I became a father on Tuesday and I am still in that stage where any topic of conversation ultimately leads back to my new son.
I swear my wife and I haven’t had a “normal” conversation since our baby was born. Everything revolves around our new little one — his feeding schedule, his body temperature, his sleeping patterns, his fussiness, play-by-play of his birth, what he’s going to wear, who’s got the next diaper change. Of course, anyone we talk to just wants to know about our new son, too. How is he doing? Is he keeping you up at night? How is your dog adjusting? Are you going insane yet? Oh, he’s so cute (and he is really cute). Things like that.
So forgive me, but my mind is firmly stuck in new parent mode, which might make this analogy a little whacky. Hear me out and let me know what you think.
Packers coach Mike McCarthy has taken a lot of grief for his playcalling this season. Fans, including myself, are second-guessing the coach when he doesn’t use running back Eddie Lacy on third-and-short or opts for a long bomb when a shorter, safer pass seems like the more logical call.
It doesn’t matter how successful a coach is; fans will always second-guess the playcalling. Always. Sometimes the criticism gets really loud and sometimes it’s somewhat muted, but it’s always there.
Second-guessing the playcalling is kind of fun. It’s part of being a fan. Yeah, the criticism is often moronic and way off-base, but who cares? This is football, not foreign policy.
What does any of this have to do with becoming a dad? Calling out McCarthy for his playcalling is similar to calling out a parent for not “controlling” his or her kid at a restaurant or properly “disciplining” a child when you think it’s warranted.
I used to be one of those people, a parent second-guesser. A screaming kid in a restaurant would drive me batty. I’d roll my eyes and mutter that the kid should be taken outside and controlled. When my little nieces and nephews ran around like crazy people, I swore that my children would never behave like that. I would instill the proper amount of discipline to ensure that they were always little angels.
Now that I have a child of my own, I know that I’ll learn the hard way how parenting isn’t quite that simple. Coaching probably isn’t that simple, either.
I have no problem with second-guessing a coach’s playcalling. I really don’t have a problem with second-guessing a parent when he or she doesn’t reprimand a child in the super market who just dumped a container of bleach on the ground (yeah, I’ve seen this happen).
But if we’re going to second guess, let’s at least try to see the big picture, too.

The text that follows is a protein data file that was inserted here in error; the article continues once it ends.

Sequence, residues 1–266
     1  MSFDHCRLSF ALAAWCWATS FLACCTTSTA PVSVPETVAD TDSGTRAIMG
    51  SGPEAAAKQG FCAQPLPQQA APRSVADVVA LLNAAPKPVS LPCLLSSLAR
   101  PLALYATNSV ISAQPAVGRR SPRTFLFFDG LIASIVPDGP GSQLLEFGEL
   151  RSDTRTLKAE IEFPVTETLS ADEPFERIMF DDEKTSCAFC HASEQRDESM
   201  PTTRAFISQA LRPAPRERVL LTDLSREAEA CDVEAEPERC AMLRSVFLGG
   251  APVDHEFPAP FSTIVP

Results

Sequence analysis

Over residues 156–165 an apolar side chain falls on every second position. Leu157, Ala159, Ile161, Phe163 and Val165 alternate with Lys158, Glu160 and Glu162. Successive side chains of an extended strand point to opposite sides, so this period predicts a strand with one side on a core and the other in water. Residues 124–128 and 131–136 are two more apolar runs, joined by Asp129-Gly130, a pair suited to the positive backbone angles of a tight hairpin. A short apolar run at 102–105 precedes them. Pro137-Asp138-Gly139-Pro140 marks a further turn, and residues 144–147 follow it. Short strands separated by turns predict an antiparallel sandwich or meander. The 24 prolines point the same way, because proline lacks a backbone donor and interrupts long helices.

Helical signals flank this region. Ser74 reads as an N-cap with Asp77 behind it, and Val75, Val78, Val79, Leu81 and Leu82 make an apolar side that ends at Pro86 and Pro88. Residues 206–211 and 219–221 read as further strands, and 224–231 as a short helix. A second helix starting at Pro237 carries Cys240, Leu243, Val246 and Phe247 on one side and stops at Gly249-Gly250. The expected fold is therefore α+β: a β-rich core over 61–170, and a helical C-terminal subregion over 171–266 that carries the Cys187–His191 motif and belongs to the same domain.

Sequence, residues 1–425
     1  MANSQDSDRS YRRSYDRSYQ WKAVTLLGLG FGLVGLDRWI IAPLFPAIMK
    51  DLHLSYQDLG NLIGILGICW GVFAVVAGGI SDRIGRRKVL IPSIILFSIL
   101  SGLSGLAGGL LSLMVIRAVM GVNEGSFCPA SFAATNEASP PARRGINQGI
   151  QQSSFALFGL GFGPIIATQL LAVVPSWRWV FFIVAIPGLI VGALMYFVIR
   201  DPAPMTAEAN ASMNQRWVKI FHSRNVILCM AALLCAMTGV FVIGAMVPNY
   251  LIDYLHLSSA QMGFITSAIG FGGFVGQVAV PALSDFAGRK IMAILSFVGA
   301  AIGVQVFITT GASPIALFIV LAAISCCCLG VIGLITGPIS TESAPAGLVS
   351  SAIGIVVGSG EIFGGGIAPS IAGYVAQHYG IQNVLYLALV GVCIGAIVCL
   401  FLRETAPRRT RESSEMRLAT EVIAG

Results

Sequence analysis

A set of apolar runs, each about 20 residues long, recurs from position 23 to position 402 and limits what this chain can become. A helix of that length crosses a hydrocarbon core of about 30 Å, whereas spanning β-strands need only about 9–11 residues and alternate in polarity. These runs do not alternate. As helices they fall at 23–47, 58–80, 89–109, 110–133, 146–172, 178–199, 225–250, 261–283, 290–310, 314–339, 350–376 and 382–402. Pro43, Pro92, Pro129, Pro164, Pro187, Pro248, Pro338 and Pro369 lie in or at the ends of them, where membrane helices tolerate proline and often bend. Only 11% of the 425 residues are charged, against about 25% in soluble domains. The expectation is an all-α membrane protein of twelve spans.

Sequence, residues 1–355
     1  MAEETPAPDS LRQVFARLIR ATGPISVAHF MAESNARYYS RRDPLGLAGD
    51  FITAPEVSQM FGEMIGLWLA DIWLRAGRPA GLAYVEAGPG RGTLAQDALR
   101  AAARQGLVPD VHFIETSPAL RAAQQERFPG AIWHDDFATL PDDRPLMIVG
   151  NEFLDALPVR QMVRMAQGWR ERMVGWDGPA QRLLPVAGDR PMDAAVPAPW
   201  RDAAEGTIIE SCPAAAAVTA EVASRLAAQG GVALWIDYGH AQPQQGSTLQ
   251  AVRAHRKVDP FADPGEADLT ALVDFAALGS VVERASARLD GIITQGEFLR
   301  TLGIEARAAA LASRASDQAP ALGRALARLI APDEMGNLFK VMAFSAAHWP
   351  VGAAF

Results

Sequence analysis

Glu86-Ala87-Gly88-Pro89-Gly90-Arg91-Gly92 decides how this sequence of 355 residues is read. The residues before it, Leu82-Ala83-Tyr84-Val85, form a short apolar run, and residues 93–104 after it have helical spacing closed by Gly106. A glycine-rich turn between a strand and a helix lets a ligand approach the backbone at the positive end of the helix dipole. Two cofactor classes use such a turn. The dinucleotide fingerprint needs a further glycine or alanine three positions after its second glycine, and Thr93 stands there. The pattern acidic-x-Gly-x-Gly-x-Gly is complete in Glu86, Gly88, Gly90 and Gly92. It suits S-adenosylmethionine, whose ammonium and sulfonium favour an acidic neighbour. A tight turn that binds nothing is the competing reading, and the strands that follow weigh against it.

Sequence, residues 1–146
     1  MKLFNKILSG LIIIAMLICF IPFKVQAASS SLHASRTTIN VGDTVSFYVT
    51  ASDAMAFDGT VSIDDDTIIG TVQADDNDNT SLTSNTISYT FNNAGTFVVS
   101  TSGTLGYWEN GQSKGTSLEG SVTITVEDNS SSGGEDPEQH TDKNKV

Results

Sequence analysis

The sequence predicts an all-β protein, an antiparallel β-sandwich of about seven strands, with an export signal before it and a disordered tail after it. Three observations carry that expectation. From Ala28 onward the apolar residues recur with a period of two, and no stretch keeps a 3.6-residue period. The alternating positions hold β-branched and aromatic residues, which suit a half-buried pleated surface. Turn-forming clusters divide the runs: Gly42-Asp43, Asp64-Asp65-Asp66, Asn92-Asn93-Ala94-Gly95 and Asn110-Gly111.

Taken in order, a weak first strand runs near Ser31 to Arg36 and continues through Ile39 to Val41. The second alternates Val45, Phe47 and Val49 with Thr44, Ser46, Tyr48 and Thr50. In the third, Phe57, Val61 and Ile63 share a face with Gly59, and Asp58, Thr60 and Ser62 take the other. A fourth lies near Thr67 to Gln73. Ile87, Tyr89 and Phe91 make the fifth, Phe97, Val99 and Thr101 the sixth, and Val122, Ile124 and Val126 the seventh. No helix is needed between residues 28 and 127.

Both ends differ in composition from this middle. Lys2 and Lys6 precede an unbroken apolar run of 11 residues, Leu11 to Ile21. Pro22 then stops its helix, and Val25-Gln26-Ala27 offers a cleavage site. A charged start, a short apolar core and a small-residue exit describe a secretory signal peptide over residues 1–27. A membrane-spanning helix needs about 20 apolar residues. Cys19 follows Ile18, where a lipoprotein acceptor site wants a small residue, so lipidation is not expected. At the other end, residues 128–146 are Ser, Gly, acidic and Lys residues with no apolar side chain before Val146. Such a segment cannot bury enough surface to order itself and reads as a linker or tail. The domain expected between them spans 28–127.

If you’re going to bash McCarthy for calling a bomb on 3rd and 1 when you think he should have called a run for Lacy, you better also give McCarthy credit for holding his team together as the Packers overcame a ton of adversity and pulled out a tough road win against the defending Super Bowl champions on Sunday.
McCarthy’s attitude and demeanor during his tenure as Packers head coach has always impressed me. It doesn’t matter if the Packers win or lose, whether nobody gets injured or half the team goes down, whether the game ends on a Fail Mary or a Packers game-winning TD, McCarthy is always determined and won’t tolerate excuses or nonsense, even indirectly.
A lesser coach might have lost it during halftime on Sunday. James Jones and Randall Cobb go down with knee injuries. The offense is sputtering. Things just aren’t clicking.
Instead, the Packers came out of the tunnel and played better than they did in the first half. McCarthy deserves credit for that. Just because we don’t see behind-the-scenes McCarthy with our own eyes the same way we see McCarthy’s playcalls, it doesn’t mean we should just dismiss the coach’s role in motivating his players and building this team’s character.
Same goes for parenting. It’s fine to shake your head in disgust if you see a parent oblivious to the fact that his or her kid is repeatedly kicking the back of an airplane seat. But don’t dismiss the possibility that that parent is just having an off moment and actually does a helluva job back home — rushing home from work to get in a game of catch before dark and sitting up all night to soothe a sick kid.
Sure, McCarthy might botch a play call here and there, but just like there’s more to parenting than what happens in the grocery aisle or on an airplane, there’s more to coaching than playcalling. The results show that McCarthy has the non-playcalling part of the game down just about as good as any other coach in the league.
At least I think he does. I’m not in the Packers locker room or at the team facilities every day, but given the resolve that this team showed on Sunday and shows year in and year out, I’m confident that McCarthy is doing a helluva job behind the scenes.
Will I have some shaky parenting moments in public? Without a doubt. But hopefully I’m like McCarthy and more than make up for the ocassional public parenting gaffe by excelling behind the scenes.——————